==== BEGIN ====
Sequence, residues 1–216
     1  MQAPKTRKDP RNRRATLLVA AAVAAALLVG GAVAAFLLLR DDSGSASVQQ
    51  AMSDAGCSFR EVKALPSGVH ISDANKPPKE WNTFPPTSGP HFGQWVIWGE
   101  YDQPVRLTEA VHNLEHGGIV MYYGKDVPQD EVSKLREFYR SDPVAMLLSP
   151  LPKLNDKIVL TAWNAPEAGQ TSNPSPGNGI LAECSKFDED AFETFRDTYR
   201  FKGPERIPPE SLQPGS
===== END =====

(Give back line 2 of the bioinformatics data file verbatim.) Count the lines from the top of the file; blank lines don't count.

     1  MQAPKTRKDP RNRRATLLVA AAVAAALLVG GAVAAFLLLR DDSGSASVQQ